Sunday, May 19, 2013

Soldier at Fort Hood investigated for sexual assault, Hagel seeks changes to military legal process

Hot on the heels of a similar charge against Air Force Lt. Col. Jeffrey Krusinski, a solider assigned as a Sexual Harassment/Assault Response and Prevention program coordinator has been suspended while allegations of "pandering, abusive sexual contact, assault and maltreatment of subordinates" are investigated. See second story below.

Many are wondering what's the point in having investigations if commanders can throw out verdicts.

After sex assault case, Hagel seeks changes to military legal process
By Jim Kavanagh
April 9, 2013

In response to an Air Force colonel's overturned sexual assault conviction, Defense Secretary Chuck Hagel is asking Congress to limit military commanders' authority to toss out court-martial verdicts.

"These changes would increase the confidence of service members and the public that the military justice system will do justice in every case," Hagel said in a statement Monday announcing the initiative.

Hagel also wants to require commanders who change court-martial sentences to explain their decisions in writing.

The effort comes in response to the case of Air Force Col. James Wilkerson. The F-16 pilot was freed last year from a Navy brig four months after a court-martial convicted him of sexually assaulting a woman at his home outside Aviano Air Base in Italy.

Acting under the military justice system's Article 60, the Air Force's top commanding officer in Europe, Lt. Gen. Craig Franklin, exercised his power as "convening authority" of the court-martial to overturn the conviction.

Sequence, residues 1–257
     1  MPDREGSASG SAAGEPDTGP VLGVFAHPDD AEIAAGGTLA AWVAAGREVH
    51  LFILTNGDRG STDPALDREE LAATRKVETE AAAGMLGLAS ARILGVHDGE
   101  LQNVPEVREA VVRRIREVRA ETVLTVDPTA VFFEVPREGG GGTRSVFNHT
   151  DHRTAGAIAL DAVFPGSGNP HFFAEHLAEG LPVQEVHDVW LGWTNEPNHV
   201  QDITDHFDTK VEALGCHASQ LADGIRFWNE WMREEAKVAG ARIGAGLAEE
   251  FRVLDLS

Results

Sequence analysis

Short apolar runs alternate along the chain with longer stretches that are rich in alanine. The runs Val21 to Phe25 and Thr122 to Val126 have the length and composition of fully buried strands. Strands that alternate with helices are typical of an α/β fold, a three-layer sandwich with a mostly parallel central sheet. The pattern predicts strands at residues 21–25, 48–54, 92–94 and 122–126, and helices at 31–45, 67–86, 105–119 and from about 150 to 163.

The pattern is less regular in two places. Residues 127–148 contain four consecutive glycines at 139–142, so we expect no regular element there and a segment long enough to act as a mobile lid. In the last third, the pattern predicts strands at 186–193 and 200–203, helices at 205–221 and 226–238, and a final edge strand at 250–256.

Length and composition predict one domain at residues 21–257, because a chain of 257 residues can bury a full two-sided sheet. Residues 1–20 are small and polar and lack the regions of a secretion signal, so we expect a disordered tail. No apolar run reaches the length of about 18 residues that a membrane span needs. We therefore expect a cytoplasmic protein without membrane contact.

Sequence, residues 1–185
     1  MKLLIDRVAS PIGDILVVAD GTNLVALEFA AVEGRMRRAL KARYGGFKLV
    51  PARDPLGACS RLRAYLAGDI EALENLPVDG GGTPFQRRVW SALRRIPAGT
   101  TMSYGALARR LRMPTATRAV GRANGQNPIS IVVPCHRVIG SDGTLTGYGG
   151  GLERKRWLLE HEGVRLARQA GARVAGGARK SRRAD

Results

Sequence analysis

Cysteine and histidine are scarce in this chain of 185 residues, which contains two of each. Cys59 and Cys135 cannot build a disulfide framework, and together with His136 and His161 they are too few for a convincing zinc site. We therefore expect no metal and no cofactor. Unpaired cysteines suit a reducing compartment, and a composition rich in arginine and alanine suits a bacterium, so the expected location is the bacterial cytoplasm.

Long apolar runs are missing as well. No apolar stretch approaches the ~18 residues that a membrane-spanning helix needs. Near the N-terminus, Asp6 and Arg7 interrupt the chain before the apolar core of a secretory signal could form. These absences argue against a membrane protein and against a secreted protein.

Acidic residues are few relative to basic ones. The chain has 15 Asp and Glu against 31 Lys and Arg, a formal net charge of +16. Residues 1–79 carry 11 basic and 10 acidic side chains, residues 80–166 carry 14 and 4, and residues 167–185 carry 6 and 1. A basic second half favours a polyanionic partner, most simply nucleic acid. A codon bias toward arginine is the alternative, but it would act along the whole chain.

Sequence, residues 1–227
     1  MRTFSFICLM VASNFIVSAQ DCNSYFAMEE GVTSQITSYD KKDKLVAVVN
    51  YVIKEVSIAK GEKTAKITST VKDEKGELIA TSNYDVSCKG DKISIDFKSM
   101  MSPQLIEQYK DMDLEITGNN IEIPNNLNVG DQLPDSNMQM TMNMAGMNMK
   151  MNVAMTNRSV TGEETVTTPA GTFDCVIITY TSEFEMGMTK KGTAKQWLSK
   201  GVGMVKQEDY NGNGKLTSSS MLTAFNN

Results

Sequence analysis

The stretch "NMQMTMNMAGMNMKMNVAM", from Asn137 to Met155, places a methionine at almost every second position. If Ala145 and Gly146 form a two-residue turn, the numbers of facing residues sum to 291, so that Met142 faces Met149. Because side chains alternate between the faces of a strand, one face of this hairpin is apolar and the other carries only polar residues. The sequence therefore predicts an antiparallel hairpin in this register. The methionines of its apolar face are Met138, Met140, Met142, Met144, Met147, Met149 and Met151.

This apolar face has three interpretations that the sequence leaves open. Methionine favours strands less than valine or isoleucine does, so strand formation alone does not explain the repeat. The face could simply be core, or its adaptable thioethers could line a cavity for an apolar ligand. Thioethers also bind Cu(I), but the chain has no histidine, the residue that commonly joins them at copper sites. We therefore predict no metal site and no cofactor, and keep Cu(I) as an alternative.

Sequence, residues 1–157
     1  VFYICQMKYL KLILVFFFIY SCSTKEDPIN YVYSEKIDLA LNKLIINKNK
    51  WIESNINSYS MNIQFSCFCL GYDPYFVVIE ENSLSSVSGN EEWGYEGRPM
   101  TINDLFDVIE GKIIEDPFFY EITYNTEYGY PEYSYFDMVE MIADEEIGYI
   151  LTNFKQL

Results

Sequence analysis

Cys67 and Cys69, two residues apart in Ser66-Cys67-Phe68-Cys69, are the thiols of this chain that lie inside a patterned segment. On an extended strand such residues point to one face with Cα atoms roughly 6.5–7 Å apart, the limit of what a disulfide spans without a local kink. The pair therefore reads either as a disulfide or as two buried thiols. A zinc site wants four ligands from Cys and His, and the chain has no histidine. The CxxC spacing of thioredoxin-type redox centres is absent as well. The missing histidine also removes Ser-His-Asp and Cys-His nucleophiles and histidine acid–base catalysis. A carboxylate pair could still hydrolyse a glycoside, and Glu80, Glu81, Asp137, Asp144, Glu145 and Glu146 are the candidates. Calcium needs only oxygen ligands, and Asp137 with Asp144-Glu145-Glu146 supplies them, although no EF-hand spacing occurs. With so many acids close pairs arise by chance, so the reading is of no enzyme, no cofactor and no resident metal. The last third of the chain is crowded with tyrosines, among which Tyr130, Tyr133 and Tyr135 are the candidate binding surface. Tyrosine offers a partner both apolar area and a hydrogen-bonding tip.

Sen. Claire McCaskill, D-Missouri, a member of the Senate Armed Services Committee, was among those expressing outrage over the decision.

"As we are trying to send a signal to women ... I question now whether that unit that that man returns to, whether there's any chance a woman who is sexually assaulted in that unit would ever say a word," McCaskill said during a hearing in March.

Lisa Windsor, a former Army Judge Advocate General officer, said any base commander has authority to do what Franklin did, but "I've actually never seen that happen before, that a convening authority would completely overturn the case."

Hagel ordered a review of the Uniform Code of Military Justice, and Monday's announcement is the result. The Joint Chiefs of Staff and secretaries of the various services support the changes, he said.

"Despite the attention and efforts of senior leaders throughout the Department of Defense, it is clear the department still has much more work to do to fully address the problem of sexual assault in the ranks," Hagel said. "This crime is damaging this institution. There are thousands of victims in the department, male and female, whose lives and careers have been upended, and that is unacceptable."

About 19,000 men and women suffer sexual assault each year in the military, former Defense Secretary Leon Panetta said last year in announcing a Pentagon effort to stop the crime. Panetta noted that only about 3,200 of those assaults were reported. About 10,700 cases -- 56% -- involved male victims in 2010, based on anonymous reporting collected by the military.